We were always much entertained by a very famous surgeon who would just sit all dressed up in the operation theater. As the worried relatives kept praying in the waiting room, the patient was operated by some other experienced and skilled doctors employed by this ‘famous’ doctor. He would just sit watching TV in his private room within the operation theater, till the surgery was over. Then, he would come out with a benevolent smile, pretend that he was too exhausted, and tell the relatives: “That was an extraordinary case! We had almost lost your patient. I had to make a great effort, use all my dedication, knowledge and experience, but finally I could save him. You are very lucky”. Needless to say, the relatives would touch his feet, overwhelmed by emotion, little knowing that this surgeon has not even touched their patient. Bills floated swollen. The patient or the relatives never knew who actually saved that life. In our education to be doctors, we also learnt “what not to do” from such doctors!
With a recent speech in London, I was reminded of this.
It was very unfortunate that the Hon’ble Prime Minister of our own country spoke quite demeaning about the entire Indian medical profession in a foreign country. Nearly one third doctors in the developed world are from India, leaving India because it offers them no good opportunity, compensation or even basic security. The PM seems to disown the patriotic doctors who try to survive in and serve India. Where is the love for India? Does one demonstrate it by showing everyone else in the country down?© Dr. Rajas Deshpande
Let me at the outset clarify that there are some corrupt doctors, some get favours from pharma, and some participate in malpractice. The government always had rights and law in their hand to act against such doctors. The hubs of corruption evolve when the government allows medical seats to be bought for the meritless rich. Our govt. allows crores of sales of medical seats.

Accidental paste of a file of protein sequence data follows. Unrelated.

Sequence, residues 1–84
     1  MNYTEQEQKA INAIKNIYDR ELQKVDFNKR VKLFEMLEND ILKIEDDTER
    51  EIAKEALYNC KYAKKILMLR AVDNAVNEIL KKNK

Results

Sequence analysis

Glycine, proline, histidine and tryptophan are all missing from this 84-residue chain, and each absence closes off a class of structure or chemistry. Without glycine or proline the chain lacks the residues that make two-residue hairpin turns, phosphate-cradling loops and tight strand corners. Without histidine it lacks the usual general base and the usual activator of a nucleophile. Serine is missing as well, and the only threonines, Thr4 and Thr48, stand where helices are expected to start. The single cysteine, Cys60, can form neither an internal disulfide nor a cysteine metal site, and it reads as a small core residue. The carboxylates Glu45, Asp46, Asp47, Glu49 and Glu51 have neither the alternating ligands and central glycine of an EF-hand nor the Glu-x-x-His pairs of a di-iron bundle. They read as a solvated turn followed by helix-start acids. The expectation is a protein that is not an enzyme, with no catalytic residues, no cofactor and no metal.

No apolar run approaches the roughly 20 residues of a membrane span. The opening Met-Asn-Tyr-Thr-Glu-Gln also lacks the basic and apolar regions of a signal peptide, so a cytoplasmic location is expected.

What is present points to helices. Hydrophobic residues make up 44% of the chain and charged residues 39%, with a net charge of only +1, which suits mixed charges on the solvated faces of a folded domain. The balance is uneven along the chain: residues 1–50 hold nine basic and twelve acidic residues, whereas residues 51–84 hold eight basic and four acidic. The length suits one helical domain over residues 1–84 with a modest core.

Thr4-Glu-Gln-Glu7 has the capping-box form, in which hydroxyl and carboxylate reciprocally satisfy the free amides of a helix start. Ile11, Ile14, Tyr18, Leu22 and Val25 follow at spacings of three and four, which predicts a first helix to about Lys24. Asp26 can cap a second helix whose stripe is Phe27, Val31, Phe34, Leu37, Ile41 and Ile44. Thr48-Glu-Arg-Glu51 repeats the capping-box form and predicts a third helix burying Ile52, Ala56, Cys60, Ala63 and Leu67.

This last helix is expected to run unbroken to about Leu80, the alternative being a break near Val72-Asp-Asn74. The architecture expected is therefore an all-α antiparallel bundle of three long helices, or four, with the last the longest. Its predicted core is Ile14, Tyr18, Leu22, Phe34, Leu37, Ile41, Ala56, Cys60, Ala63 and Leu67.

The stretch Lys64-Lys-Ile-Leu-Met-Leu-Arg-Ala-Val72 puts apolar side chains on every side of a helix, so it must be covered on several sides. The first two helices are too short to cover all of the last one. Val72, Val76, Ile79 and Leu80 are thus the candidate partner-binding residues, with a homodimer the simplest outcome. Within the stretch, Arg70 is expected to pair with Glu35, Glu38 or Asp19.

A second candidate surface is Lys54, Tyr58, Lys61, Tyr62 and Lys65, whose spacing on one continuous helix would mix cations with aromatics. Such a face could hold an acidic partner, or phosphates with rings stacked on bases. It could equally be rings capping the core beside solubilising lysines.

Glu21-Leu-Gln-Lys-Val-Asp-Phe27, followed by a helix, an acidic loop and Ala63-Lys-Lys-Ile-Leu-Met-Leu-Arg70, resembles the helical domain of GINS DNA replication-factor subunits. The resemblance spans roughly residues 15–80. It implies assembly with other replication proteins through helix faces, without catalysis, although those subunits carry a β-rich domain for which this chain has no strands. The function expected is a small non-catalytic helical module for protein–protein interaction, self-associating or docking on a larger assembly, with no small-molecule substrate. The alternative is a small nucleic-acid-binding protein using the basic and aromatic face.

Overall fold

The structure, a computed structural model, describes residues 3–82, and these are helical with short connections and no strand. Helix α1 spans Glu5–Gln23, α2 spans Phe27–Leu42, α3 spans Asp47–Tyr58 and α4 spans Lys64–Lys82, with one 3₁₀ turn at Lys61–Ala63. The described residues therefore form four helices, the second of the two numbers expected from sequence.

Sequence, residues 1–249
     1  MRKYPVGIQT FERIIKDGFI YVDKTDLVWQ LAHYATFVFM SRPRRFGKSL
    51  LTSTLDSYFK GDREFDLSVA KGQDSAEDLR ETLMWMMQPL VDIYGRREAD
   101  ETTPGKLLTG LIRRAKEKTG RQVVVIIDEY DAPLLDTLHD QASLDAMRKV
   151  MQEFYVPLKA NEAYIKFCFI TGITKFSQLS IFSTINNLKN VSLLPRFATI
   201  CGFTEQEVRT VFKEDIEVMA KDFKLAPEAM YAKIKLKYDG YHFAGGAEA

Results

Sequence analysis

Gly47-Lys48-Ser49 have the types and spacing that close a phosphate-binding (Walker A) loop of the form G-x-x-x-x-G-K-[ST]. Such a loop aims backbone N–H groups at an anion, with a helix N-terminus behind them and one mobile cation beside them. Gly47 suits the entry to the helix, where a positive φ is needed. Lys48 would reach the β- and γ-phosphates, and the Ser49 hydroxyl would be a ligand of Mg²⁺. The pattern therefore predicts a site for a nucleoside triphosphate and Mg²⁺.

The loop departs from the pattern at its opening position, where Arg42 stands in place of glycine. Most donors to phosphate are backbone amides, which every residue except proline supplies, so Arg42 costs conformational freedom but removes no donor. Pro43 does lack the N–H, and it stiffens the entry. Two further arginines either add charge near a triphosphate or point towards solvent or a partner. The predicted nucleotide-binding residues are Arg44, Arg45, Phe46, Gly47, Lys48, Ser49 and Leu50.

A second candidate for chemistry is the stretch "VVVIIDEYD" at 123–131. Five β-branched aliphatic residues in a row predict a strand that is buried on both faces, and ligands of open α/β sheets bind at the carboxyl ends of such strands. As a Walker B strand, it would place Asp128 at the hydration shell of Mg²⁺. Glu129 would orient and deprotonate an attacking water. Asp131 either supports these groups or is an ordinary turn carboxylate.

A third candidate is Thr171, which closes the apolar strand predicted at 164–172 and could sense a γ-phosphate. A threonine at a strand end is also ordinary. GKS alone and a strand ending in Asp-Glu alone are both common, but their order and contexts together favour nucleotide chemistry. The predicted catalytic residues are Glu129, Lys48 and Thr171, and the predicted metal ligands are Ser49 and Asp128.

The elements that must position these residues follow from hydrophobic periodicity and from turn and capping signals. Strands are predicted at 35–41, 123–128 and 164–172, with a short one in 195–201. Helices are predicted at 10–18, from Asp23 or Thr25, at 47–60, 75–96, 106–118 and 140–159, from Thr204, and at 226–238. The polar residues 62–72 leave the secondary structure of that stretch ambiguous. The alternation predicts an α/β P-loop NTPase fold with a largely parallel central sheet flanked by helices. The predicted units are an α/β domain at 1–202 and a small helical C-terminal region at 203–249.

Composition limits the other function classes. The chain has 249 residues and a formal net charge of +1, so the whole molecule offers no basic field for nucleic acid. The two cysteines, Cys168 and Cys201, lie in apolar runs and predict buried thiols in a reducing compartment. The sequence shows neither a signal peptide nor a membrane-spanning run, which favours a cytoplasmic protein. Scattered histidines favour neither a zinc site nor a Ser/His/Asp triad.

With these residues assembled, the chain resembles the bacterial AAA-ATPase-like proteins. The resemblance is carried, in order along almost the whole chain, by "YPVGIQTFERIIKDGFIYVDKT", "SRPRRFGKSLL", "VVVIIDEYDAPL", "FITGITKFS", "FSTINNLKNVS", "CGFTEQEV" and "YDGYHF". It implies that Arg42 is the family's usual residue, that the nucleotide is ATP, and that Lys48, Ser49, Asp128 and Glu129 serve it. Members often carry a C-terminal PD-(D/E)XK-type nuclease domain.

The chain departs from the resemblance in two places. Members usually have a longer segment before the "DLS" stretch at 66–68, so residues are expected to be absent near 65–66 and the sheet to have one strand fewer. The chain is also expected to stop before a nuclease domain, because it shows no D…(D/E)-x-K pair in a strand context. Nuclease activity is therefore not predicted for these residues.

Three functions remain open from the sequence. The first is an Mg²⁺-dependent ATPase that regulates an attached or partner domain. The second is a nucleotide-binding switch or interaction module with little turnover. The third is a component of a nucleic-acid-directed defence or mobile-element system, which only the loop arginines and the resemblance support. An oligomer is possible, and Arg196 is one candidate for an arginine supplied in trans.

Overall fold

We wish our PM also spoke about how many political leaders in this country own medical colleges and what is the actual income that they generate by sales of UG / PG medical seats? Like the prices of all drugs and stents, why not reduce the prices of medical seats too?
He said that Indian doctors “do not travel to Singapore to see poor patients”. Was he serving the poor Indian farmers in London? How many poor farmers or labourers accompanied the PM or his delegations on any of his foreign trips? For a PM who has extensively travelled the world, to criticise highly educated doctors for traveling abroad is so unbecoming! Doctors interact with experts from other countries for learning, continuing medical education, and just because Indian politics has screwed the nation into poverty, doctors cannot stop that interaction which is a standard learning process all the world over. Just as Indian politicians who go abroad for treatment to Singapore and London etc. don’t go there to have fun, doctors too do not go for just fun but for a grand purpose: to bring in new knowledge and skills to Indian people.
Then he said that he “enquired” about stents and found that doctors were “”duping” / deceiving all patients into buying costly stents. The PM has himself said in many speeches that he is not educated much, any medical discussion needs high standards of education, scientific proofs and statistics. I am sure that the right people / departments / doctors were consulted by the PM before taking such decisions. Why did he then say “I found out and changed this” rather than “our medical experts / team did this” ? Under the privacy laws no one will know what stents go into which class of people, but from what the doctors see, most politicians and high placed officers opt for “the best and imported”. © Dr. Rajas Deshpande